Does your dad's Big Bertha come with a 100,000-mile warranty?

Callaway C16 cabriolet

Given Callaway Cars' close proximity to New York City in Old Lyme, Conn., this week's auto show was the logical locale for a debut.

Arguably the best work from Callaway Cars designer Paul Deutschman, the C16 cabriolet was introduced to the public at the 2007 New York International Auto Show on Thursday. Company founder Reeves Callaway introduced the car.

Callaway unveils the C16 cabriolet Candace Lombardi/CNET Networks

Callaway C16 coupe Callaway Cars

The cabriolet incorporates the same bulging bodylines and race inspired "form follows function" design of the C16 coupe, which was based originally on the Corvette C6. The loss of a top, however, has resulted (thankfully) in the loss of those less-than-inspiring rear pillars that broke up the side and rear profile of the C16 coupe.

Deutchman's design is unmarred by door handles. The C16 has an antenna buried in its body that responds to the owner passing her hand over an area of the door, as long as the keychain is in her pocket.

Callaway C16 cabriolet Callaway Cars

Of course, many will say that the C16 is not about looking good. The base 560 horsepower engine (upgradeable to a 616 horsepower behemoth) will get you to the inevitable traffic jam on the Merritt Parkway faster than you can say, "I told you to take 95!"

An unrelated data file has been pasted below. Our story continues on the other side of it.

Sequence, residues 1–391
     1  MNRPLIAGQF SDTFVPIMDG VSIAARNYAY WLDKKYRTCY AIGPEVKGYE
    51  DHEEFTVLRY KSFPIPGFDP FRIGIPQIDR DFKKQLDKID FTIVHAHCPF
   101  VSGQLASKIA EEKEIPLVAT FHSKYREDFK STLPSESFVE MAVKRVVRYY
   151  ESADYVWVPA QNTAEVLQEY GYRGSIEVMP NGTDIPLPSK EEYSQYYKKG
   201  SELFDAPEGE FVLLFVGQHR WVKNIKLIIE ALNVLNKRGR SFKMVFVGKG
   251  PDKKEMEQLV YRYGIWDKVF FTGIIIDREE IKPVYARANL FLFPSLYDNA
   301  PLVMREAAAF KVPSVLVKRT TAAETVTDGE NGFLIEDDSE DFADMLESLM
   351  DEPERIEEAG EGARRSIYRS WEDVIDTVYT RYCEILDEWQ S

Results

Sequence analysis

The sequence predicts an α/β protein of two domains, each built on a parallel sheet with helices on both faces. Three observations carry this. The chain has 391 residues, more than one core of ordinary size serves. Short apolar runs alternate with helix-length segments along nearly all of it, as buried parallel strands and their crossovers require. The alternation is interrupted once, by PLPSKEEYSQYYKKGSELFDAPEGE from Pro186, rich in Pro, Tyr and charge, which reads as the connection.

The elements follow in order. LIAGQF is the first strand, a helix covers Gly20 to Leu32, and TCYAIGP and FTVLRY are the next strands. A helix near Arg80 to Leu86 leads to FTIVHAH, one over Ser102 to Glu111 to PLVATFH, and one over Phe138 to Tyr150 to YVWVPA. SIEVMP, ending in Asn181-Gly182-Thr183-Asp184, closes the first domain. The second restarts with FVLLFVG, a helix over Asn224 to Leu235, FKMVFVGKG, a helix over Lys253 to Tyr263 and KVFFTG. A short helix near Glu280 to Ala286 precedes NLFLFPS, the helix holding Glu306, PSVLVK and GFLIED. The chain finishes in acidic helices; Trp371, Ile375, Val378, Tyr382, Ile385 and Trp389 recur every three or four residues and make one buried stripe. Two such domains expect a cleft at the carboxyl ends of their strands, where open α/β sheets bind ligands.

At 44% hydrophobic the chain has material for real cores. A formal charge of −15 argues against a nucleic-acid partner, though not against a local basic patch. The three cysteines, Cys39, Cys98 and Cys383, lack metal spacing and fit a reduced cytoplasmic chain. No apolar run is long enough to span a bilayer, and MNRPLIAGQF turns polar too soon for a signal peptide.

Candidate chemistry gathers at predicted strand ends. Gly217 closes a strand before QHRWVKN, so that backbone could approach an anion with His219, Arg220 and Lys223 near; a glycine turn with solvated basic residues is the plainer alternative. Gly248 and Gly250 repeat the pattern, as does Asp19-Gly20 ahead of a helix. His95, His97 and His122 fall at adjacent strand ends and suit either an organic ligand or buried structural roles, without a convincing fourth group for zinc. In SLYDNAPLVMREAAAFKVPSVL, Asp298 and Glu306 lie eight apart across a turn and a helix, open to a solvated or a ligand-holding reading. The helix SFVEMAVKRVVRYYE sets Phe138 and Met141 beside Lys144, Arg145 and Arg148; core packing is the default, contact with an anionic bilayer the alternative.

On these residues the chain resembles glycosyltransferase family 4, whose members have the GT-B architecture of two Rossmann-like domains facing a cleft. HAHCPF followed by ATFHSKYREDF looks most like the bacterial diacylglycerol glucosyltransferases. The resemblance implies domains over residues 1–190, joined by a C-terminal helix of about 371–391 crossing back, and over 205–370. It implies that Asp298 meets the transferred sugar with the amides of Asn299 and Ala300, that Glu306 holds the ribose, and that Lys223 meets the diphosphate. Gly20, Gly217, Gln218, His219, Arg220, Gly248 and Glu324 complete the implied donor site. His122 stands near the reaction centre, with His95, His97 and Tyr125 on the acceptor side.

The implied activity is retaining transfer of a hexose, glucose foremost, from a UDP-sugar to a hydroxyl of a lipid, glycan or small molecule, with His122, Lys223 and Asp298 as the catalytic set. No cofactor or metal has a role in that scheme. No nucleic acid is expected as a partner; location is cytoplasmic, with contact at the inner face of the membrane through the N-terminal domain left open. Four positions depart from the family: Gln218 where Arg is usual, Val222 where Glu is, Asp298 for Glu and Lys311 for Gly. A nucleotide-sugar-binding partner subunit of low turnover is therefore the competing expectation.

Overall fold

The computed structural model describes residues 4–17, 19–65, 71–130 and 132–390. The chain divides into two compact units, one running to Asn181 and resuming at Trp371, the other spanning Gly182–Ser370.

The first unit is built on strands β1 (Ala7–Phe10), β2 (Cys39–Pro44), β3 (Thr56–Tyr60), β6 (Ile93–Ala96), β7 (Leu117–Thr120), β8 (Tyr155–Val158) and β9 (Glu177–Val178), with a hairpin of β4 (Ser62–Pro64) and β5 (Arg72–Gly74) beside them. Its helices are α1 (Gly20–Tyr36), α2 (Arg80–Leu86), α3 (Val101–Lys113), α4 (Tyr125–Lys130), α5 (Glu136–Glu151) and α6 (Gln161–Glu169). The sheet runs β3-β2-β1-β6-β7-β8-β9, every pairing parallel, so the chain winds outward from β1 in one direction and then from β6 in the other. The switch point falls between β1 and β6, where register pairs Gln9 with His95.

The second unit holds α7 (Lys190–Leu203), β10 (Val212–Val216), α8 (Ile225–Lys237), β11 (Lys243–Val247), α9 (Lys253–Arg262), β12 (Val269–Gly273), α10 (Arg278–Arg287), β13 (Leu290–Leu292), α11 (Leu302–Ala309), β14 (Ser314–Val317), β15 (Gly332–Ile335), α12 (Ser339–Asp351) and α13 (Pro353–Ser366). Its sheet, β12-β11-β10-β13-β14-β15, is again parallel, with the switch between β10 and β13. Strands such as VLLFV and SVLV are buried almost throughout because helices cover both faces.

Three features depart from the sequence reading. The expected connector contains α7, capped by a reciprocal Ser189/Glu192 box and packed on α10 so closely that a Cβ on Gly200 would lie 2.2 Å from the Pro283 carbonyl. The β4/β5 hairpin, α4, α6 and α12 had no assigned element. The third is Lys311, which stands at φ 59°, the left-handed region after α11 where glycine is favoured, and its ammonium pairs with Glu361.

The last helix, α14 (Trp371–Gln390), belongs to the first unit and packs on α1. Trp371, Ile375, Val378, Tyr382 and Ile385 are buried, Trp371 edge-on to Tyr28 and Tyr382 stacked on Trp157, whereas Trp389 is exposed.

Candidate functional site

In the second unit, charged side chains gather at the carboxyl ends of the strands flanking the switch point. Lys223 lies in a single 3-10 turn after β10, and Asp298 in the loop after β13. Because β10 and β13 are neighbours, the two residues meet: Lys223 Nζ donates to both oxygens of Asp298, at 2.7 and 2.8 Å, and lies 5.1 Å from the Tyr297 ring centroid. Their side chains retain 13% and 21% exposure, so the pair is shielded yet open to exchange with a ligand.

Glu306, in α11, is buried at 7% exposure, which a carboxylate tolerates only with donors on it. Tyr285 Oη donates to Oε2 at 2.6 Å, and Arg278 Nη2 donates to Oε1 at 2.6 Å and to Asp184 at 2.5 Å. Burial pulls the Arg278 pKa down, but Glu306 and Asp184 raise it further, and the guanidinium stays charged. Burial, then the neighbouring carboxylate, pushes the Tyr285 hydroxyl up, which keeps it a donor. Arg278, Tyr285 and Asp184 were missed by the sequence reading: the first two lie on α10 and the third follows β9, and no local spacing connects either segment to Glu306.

The car does a top speed of 206 mph, goes from zero to 60 in 3.4 seconds and does the quarter-mile in 10 seconds--all the while maintaining a 100,000 warranty. The carbon magnesium hybrid wheels weigh only 17.2 pounds each, compared with the usual 28 pounds from an aluminum one.

And the interior ain't bad either.

Candace Lombardi/CNET Networks

The car is emissions-compliant in all 50 states and gets about 18 miles per gallon in the city and 30 on the highway, according to Callaway.

All this for roughly the price of two regular C6 Corvette convertibles. The C16 cabriolet starts at $128,000.

Update: The original post incorrectly stated the speed of the C16. It does the quarter-mile in 11 seconds and has a top speed of 206 mph.

About the author

In a software-driven world, it's easy to forget about the nuts and bolts. Whether it's cars, robots, personal gadgetry or industrial machines, Candace Lombardi examines the moving parts that keep our world rotating. A journalist who divides her time between the United States and the United Kingdom, Lombardi has written about technology for the sites of The New York Times, CNET, USA Today, MSN, ZDNet, Silicon.com, and GameSpot. She is a member of the CNET Blog Network and is not a current employee of CNET.

 

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